Cllr Jim McMahon: Oldham – a co-operative borough

15 July 2011, 10:04am

When Oldham Labour Group signed up to the Cooperative Council pledge we shared the feeling of the other 114 groups at the way in which the Tory-led government was pushing the big society. A society where government rolled back in favour of self help, or ‘sort it yourself’ at least. As a labour group representing a deprived community we knew this model of ‘cuts without consequences’ would be fatal. We had a strong community with community groups and the third sector playing an active part to improve our borough, but we also knew our role as community leaders was to support and provide the infrastructure to make it all come together.

Lambeth have been leading since with some really innovative ideas for a cooperative council, creating a new relationship between local government and citizens.

When the elections returned a Labour administration in May we were keen to progress our pledge as a cooperative council in a way which met the needs of our community. For a cooperative council to work it has to reflect the wishes and aspirations of the community it serves, and by its very nature will look and feel difference across the country – coming together under an ethical framework of cooperative and labour values.

In Oldham we feel that for this to work it needs to be wider than just the council. Oldham as a cooperative borough will see the community central to decision making and tailored service delivery. One of my major frustrations of successive governments is that when they talk about community, they bypassed the people who the community have put forward to represent them – local councillors.

We believe Oldham Council has the potential to be a cooperative in its own right. We have a legal responsibility to act in the public interest, we are not-for-profit and the vast majority of our workforce live in the borough (80%). But for us to be able to call ourselves a cooperative council we need to do a lot more to demonstrate we meet the criteria. Within two weeks of gaining control of Oldham Council we agreed the introduction of a Living Wage for council employees. We are allocating three days paid leave for council staff to work in the local community, sharing their skills and experience to support grass root activity. This could be an accountant helping the local Credit Union with its books, or a gardener helping to maintain an older persons garden.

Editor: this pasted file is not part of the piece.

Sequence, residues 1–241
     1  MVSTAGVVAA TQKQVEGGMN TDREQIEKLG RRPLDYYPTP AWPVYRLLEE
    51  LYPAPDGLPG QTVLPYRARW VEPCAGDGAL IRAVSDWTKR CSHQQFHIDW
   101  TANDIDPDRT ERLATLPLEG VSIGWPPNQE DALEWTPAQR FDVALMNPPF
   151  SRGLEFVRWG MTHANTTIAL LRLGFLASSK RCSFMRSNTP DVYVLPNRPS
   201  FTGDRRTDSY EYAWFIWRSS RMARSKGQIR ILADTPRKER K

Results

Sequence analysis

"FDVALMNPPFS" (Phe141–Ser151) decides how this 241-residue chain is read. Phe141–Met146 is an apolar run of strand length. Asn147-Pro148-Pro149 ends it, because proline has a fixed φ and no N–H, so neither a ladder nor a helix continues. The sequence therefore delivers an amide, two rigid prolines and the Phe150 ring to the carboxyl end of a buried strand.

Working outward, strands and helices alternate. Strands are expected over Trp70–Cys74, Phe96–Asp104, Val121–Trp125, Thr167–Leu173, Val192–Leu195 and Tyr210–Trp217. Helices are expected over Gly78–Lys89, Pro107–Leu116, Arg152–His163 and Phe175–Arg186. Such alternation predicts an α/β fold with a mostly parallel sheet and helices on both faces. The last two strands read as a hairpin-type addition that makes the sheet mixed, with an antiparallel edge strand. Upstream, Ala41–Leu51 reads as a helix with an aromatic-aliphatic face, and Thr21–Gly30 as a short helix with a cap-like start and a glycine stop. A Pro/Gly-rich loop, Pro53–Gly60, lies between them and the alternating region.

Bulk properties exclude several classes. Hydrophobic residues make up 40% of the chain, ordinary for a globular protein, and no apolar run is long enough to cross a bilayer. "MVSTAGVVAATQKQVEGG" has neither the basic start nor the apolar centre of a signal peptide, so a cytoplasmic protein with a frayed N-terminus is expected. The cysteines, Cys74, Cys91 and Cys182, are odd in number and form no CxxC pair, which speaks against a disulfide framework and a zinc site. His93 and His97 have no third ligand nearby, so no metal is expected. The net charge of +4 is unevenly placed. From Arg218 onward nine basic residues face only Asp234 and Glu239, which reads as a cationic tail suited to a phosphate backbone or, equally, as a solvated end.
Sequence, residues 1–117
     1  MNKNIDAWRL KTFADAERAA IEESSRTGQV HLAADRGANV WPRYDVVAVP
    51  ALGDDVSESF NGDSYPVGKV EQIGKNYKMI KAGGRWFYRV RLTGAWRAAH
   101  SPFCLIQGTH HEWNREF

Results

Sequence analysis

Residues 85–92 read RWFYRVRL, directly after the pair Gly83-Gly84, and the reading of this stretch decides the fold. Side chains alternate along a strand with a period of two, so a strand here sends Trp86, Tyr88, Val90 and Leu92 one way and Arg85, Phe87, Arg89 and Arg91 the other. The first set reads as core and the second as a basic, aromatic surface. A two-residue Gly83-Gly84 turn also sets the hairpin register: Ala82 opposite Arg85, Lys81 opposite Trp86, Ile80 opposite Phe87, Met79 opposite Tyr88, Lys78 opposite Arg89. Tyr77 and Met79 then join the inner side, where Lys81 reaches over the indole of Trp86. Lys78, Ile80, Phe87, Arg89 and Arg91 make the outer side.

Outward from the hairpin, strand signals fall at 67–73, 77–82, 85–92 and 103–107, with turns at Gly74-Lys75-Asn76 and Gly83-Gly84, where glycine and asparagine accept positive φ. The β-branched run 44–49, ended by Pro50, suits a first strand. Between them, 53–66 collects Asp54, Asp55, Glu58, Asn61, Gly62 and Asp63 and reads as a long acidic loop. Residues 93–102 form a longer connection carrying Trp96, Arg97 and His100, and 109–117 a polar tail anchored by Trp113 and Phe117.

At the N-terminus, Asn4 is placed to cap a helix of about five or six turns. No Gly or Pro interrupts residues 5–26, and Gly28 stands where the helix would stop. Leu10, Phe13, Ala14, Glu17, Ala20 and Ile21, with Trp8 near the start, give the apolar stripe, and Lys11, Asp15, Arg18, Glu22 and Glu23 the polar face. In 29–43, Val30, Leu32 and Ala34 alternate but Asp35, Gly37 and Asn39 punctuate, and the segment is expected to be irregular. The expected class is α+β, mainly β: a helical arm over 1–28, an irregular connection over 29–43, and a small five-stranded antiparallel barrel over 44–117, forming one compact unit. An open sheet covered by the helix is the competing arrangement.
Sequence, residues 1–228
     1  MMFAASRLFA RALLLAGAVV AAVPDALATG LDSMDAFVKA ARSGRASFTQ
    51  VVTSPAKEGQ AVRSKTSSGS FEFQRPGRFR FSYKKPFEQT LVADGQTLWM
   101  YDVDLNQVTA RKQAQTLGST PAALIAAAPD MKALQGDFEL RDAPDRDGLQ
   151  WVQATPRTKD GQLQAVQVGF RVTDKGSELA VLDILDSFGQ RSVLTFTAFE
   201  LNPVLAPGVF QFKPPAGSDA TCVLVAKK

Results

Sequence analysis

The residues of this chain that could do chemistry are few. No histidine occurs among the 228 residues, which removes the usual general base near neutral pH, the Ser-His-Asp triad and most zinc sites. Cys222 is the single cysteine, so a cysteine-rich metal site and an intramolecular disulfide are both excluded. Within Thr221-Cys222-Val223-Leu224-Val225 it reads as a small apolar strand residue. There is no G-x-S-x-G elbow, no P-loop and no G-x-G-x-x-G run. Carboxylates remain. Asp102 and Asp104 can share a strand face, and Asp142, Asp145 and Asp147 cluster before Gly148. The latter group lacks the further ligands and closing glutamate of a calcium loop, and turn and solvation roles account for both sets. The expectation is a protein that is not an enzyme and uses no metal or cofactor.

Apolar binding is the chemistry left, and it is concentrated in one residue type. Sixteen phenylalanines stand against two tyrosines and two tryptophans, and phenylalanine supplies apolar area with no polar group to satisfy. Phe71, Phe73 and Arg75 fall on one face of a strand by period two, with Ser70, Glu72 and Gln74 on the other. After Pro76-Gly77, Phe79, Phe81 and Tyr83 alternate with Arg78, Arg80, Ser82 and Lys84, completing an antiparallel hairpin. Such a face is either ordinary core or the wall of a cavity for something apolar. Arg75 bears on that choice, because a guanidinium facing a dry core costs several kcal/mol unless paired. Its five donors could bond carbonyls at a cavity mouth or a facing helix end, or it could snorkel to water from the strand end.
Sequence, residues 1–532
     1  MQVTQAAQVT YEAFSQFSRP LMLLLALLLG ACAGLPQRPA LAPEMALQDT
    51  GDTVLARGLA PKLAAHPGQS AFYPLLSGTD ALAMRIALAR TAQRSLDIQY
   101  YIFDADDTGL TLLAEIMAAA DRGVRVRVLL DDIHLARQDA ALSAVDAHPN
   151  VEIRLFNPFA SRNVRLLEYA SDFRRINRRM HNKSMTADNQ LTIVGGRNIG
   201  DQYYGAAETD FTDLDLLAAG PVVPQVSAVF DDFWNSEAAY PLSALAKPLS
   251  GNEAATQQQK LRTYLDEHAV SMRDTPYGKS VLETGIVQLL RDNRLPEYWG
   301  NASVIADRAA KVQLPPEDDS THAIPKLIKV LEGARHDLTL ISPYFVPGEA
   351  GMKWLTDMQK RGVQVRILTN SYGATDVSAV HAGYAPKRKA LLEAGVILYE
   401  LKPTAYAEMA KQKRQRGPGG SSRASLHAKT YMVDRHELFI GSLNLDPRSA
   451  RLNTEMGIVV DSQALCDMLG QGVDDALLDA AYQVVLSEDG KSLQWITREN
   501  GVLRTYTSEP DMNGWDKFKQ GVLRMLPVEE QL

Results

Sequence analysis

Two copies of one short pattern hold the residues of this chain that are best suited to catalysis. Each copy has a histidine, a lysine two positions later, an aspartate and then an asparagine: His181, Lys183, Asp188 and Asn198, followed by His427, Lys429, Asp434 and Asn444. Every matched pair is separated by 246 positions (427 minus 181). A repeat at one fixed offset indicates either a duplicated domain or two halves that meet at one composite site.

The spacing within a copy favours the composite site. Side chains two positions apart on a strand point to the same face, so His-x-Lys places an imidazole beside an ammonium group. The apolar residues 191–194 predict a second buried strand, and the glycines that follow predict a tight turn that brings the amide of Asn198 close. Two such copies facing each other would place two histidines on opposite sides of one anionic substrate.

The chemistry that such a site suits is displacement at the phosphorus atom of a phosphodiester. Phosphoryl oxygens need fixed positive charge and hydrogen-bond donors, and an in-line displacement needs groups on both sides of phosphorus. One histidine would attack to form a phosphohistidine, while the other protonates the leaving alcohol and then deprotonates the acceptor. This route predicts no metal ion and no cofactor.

In Oldham we will be putting forward pilots for community run services and facilities including allotments, community facilities and some grass root delivery of services. In doing so we must ensure that we do not seek to undermine professional posts; a cooperative borough is about coming together for a common endeavour – not one or the other.

We want to give all members of the wider Oldham community an opportunity to take part in our Cooperative Borough. In almost every council in the country there is a mixed economy, it rarely all private, all public or all third sector. For a cooperative community to be inclusive it should allow the whole of the community to play an active part. In Oldham we are introducing a Community Dividend Fund whereby public and private sector partners will contribute, through finance and staff time to benefit the community. We will see major companies paying into the fund and staff volunteering time.

Councillor Jim McMahon is Leader of Oldham Council, one of the first members of the Co-operative Councils Network
This article first appeared on LabourList at–a-cooperative-borough-

Comments (1)

  1. [...] Islington’s commission on fairness, Newham’s resilience agenda or Oldham’s ethical framework.My wish is that next year sees more authorities using the tools of localism, whether that is [...]

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